"We find that the relaxation of borrowing constraints dominates early in the life of the mortgage," the authors state, "but default rates become larger than for principal-repayment mortgages late in the life of the mortgage due to the considerably higher probability of negative home equity."
Defaults tend to occur when a home enters a negative equity state, which is usually caused by several factors, including home price declines in a low inflation environment and large mortgage balances with little money down at the time of origination. However, after looking at mortgage default trends in other countries as well, Campbell and Cocco found that there is a variable lag time to when negative equity hits and the borrower stops making payments.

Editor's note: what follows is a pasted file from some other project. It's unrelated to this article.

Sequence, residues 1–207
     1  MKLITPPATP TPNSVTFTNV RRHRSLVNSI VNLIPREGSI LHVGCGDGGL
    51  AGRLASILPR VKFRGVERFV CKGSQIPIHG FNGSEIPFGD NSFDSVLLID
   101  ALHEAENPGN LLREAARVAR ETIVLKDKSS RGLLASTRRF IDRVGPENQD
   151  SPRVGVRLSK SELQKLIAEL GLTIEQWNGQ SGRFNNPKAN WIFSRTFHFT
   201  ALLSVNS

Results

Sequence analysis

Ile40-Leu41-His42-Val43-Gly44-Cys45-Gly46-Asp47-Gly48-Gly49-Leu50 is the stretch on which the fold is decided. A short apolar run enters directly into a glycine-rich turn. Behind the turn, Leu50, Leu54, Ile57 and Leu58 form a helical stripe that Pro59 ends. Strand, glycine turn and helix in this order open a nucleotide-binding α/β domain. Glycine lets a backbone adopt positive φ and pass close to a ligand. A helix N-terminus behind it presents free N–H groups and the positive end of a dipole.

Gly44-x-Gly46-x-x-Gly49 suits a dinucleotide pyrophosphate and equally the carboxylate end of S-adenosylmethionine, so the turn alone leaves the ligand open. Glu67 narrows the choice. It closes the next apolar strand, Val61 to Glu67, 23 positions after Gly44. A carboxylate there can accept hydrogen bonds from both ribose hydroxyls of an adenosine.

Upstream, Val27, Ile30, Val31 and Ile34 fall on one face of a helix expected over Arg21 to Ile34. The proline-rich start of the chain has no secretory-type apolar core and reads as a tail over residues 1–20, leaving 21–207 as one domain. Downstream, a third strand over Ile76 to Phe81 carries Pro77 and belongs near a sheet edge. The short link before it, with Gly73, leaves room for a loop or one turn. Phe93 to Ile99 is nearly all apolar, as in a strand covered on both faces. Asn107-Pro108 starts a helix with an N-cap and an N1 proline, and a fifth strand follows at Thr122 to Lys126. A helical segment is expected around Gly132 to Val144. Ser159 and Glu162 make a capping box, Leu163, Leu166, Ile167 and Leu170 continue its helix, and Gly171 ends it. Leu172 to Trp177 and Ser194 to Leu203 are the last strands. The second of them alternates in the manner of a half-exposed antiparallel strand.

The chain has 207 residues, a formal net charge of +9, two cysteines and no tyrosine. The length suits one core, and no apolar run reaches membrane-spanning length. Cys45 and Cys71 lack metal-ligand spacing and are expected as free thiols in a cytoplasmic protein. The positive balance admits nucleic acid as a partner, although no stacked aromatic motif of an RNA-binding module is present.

And with FHA 3.5% down payment loans being very popular.
Read it allPutting little down at the time of origination greatly increases the probability of default, the report concluded, with that probability increasing even more for loans with LTV ratios in excess of 90%.